I work for a PK-12 institution so my case is a little different. When I arrived at French American School in 2005 there were no directory services, no groupware for the academic side and all the machines were Macs.
    At that time it was 10.4 and the school had a brand new X Serve that was sitting alone in the server room. Seeing that the SysAdmin knowledge was limited to basic Windows skills, I started to read Apple docs while having in mind to reproduce the setup I had in my Windows environment in my previous 100% windows position (PDC, Replicas, GPOs, etc).
    Even though we had a w2k3 server at that time the “Magic Triangle” was still having some glitches here and there, since I was basically starting from scratch I went for the most stable and easiest way (keep it simple stupid…) a full Os X design.
    Long story short now I manage about 350+ Macs, 1000+ students,100+ teachers in 2 locations, with 3 X Serves and 2 Vtraks everything via OD.
    I am the only Apple Sys Admin so I don’t have any problem with admin levels, however while it’s true computers management delegation is lacking Apple fixed users mgmt admin levels which is imho more important.
    While I understand your wording about the “Domain” it tends to induce some misleading as you are referring to a Windows Server concept in a OS X server article.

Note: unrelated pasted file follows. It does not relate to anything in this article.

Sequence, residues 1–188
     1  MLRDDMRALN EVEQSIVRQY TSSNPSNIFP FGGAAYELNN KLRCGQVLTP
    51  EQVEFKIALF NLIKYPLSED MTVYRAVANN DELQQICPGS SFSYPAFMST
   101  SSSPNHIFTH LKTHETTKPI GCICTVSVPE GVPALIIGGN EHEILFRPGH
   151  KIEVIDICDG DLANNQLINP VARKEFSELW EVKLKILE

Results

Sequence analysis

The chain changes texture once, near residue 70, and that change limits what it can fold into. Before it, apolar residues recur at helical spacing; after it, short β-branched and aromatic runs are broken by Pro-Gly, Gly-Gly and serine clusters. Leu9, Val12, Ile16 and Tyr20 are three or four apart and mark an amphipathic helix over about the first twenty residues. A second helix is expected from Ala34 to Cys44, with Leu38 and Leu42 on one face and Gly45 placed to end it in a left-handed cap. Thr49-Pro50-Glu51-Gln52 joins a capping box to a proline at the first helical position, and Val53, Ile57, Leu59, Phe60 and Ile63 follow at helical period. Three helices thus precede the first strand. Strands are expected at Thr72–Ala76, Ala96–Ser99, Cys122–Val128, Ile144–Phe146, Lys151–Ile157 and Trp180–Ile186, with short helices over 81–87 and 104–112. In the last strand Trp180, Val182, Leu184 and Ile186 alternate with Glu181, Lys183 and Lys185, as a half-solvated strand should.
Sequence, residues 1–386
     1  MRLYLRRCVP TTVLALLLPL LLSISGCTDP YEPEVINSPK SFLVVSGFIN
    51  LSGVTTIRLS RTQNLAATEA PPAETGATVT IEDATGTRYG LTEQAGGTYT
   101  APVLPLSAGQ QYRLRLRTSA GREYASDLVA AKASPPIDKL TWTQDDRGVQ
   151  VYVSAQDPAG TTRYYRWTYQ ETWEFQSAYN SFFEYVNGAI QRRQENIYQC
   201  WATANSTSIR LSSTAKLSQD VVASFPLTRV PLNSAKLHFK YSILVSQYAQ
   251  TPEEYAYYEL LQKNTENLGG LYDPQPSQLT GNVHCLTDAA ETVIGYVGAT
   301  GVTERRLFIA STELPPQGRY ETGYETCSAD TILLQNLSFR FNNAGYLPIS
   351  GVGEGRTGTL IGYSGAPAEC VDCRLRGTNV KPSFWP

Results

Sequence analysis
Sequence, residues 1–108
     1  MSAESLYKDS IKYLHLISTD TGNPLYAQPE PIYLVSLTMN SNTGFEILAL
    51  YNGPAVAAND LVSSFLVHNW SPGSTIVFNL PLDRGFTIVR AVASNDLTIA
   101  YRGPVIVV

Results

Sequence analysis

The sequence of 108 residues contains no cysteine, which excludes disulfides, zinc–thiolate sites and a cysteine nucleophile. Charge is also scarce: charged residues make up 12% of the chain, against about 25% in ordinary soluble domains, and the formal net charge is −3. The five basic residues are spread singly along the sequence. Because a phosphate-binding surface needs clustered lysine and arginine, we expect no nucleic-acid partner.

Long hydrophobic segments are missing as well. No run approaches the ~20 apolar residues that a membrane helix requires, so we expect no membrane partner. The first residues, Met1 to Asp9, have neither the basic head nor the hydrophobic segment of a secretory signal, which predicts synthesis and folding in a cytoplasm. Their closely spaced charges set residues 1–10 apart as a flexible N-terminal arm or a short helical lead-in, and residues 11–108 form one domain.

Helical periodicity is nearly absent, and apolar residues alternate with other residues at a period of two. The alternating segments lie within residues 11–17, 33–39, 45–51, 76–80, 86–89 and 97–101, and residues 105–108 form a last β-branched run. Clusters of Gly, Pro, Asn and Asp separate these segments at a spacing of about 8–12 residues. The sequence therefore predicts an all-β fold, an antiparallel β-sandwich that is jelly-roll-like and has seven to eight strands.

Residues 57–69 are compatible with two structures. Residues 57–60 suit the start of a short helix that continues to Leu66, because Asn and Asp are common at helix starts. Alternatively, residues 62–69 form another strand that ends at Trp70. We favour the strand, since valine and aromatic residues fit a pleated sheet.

Maybe Apple didn’t think OS X Server for the businesses but then with their shipping so many Open Source Software and with the Unix based Kernel at least you get better security, stability and flexibility than this other totally closed OS, so what OS is the more business oriented then?
    Isn’t the fact that you have been able to script,at no cost except this of the required HR, and tap into OD for your custom mgmt needs a proof of a business oriented system?

    Serious SaaS company use Unix/Linux servers for the core of their data center (e.g. Google), when a business need to manage Apple computers they should get an X Serve which has learned to play nice with his friends in the server rack.
    The real scalable and flexible technologies out there are not AD nor OD, they are the embedded Open one (i.e. LDAP, Kerberos, etc)

    You can’t make a generalization like the one on your post (I mean you can it’s your blog =D) without more rigor…What kind of businesses? How many computers? How many users? How many locations? What are the HR needs? et cetera et cetera.

    I guess I don’t have to say by now that I disagree with your underlying message implying that Windows Server is more adapted to businesses than Os X Server.
    It might be that *you* need to have mixed server environment but stating that ” Apple did not design Open Directory for the enterprise” just because of it, is kind of bold, isn’t it?

    It’s true that Windows is still the OS the most used out there and so IT guys need AD but that doesn’t mean AD is the most adapted tool for businesses, it’s just the monopole way…

    By the way no, not all of us are saying “if Apple wants to compete in the enterprise, they need to do….”, I don’t at least ;-P.

    Hey don’t get mad always nice to get comments and criticism is what makes us move forward!